GOP Scores Redistricting Win
By Keegan Gibson, Managing Editor
Republicans scored a big victory today as the Chairman of the panel charged with drawing new legislative districts voted to advance preliminary maps drawn by the Republican caucuses.
The maps would make a Democratic comeback in the Pa. House, not to mention the Pa. Senate, more difficult.
Stephen McEwen, a retired Judge of the Pa. Superior Court, voted with Majority Leaders Dominic Pileggi of the Senate and Mike Turzai of the House over the objection of the panel’s two Democrats.
Senate Minority Leader Jay Costa and House Minority Leader Frank Dermody said the maps represented a sharp departure from terms previously negotiated by both parties and amounted to a partisan power grab.
Several lawmakers crowded large copies of the new maps printed on poster boards to see how their districts – and their colleagues – had turned out.
“This sucks. This f***ing sucks,” one said.
Each party came to the meeting with revised, final versions of their map proposals. The maps were not revealed until 30 minutes before today’s hearing, as the panel took a recess. All four caucus leaders accused their counterparts of last-minute maneuvering.
In his opening statement McEwen, who was elected to office as a Republican, emphasized that the panel had far exceeded his preferred deadline of October 17th (the actual limit to adopt a plan was November 14). He seemed sympathetic to Pileggi and Turzai, who said that they were not seeking partisan gain, but fairly reflecting changes in demographics. Namely, that Democratic areas in western PA had shrunk as Republican areas in eastern PA grew.
Costa and Dermody said that they did not have sufficient time to inspect the plans. Costa argued that the biggest area of growth, south central PA, was overlooked by the GOP plan.
These preliminary maps are starting point rather than the final product. The new boundaries are subject to a 30 day period of public review, at which point the panel will have 30 additional days to make corresponding changes. Sources close to the LRC predict the final maps will be completed before lawmakers leave for winter recess in mid-December.
In summary: the game is not over for Democrats, but it appears McEwen views Republican proposals as more reasonable. On some of the biggest sticking points – how many and which districts will be moved, which municipalities will be split, etc – the GOP has the advantage.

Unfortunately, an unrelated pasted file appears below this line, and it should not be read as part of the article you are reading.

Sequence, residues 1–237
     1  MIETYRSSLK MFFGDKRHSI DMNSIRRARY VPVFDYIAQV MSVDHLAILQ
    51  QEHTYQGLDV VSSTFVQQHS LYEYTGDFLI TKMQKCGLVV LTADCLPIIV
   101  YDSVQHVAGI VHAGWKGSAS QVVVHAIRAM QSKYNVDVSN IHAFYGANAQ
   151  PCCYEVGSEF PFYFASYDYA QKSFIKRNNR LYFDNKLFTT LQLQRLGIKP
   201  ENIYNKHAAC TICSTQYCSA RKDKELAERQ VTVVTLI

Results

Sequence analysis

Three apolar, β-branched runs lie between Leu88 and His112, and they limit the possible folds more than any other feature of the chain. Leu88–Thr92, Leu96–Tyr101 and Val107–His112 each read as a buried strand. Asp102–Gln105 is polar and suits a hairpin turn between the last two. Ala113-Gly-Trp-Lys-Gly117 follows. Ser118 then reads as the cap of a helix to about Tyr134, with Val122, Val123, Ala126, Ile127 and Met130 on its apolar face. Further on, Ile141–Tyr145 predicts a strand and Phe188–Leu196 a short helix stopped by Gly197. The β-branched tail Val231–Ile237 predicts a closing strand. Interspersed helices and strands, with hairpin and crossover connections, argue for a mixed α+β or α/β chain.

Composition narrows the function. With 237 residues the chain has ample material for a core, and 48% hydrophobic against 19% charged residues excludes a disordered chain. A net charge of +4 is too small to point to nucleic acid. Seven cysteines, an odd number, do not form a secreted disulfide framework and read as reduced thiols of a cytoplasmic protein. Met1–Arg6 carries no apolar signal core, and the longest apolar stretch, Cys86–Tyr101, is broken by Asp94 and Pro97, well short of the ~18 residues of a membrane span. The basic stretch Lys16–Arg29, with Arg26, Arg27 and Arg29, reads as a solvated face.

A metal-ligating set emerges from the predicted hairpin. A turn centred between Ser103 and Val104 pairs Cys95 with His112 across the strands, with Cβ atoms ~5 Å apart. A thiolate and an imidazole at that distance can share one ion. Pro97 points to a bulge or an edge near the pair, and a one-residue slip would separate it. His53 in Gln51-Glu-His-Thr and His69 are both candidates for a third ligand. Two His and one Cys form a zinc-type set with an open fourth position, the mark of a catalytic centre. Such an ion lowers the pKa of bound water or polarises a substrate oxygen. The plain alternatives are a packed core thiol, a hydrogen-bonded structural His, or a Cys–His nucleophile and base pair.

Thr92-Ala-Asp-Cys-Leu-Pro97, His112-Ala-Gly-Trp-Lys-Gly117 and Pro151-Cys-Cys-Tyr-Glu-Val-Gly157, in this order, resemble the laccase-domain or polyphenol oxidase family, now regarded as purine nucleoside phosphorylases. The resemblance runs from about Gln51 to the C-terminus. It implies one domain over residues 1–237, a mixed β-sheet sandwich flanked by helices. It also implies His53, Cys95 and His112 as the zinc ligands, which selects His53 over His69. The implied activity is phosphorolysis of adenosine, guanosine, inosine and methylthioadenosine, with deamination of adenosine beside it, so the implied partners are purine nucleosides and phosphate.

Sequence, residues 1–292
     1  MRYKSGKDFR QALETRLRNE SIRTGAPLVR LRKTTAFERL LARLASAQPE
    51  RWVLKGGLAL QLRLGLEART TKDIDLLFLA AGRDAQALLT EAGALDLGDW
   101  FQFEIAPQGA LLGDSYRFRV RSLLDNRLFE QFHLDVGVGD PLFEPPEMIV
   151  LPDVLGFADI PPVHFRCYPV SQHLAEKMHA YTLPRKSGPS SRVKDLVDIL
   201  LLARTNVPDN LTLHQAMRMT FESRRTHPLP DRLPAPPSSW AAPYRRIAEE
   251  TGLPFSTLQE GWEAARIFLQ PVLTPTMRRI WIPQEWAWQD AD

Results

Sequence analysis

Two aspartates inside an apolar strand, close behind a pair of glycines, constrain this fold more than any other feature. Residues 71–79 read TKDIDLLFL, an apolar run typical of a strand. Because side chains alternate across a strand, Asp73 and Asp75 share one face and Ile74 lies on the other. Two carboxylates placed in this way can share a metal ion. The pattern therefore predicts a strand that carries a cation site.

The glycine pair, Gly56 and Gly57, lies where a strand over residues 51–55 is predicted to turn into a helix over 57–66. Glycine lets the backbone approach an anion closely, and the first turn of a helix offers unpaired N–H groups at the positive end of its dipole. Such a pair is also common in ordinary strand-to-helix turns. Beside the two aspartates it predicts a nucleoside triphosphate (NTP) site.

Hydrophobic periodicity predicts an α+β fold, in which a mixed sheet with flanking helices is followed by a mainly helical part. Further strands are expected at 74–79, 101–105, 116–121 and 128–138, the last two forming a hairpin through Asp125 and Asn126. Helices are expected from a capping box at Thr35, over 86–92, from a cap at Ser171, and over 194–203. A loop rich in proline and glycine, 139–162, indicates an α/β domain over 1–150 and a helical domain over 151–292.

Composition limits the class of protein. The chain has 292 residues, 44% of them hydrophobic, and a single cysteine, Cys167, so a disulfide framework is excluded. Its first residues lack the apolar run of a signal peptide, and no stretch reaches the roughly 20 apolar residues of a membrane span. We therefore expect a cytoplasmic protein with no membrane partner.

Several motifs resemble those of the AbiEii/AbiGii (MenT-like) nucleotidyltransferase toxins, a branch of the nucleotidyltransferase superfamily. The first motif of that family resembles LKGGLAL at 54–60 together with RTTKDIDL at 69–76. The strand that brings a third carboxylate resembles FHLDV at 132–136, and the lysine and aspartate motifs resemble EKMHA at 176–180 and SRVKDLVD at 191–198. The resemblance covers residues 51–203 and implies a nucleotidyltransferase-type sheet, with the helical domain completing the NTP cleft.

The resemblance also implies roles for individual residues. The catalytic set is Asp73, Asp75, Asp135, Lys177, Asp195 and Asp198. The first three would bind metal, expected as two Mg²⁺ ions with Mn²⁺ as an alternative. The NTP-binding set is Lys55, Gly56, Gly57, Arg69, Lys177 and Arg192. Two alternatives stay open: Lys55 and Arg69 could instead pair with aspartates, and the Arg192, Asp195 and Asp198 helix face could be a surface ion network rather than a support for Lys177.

Here are some of the specifics of the PA House map:
Rep. Nick Kotik’s Allegheny County-based 45th district will move to Coatesville in central Chester County where it is likely to remain a Democratic seat. Kotik would likely face an intra-party battle from Rep. Jesse White, in whose district he now resides.
Turzai made a show of saying the plan would keep Democratic Rep. Bud George’s 74th district seat, which Democrats had agreed to sacrifice, in Clearfield County.
Democratic Rep. Chelsa Wagner’s Pittsburgh-based 22nd district seat, which she will vacate when she likely wins the office of Allegheny County Controller this fall, would migrate to Allentown where it would become a majority Hispanic district.
The 169th seat of Republican Rep. Denny O’Brien, who has a strong chance to be elected to Philadelphia City Council this fall, would move to York County.
Republican Rep. John Evans’ Erie-based 5th district will move to central Berks County. He is retiring after this term.
The Senate seat of Jim Brewster (D-Allegheny) would be moved to Monroe County, which would be represented by just on Senator.
Senator Jeff Piccola (R-Dauphin) has perhaps the most gerrymandered district of all. He would no longer represent any part of the city of Harrisburg. His district would snake through Perry County, south through western Cumberland County, across northern Adams County, and into central York County.
Sen. Mike Folmer (R-Lebanon) would inherit Harrisburg.
To Democrats’ chagrin, the map will split the township of Upper Darby (which in itself is not contiguous).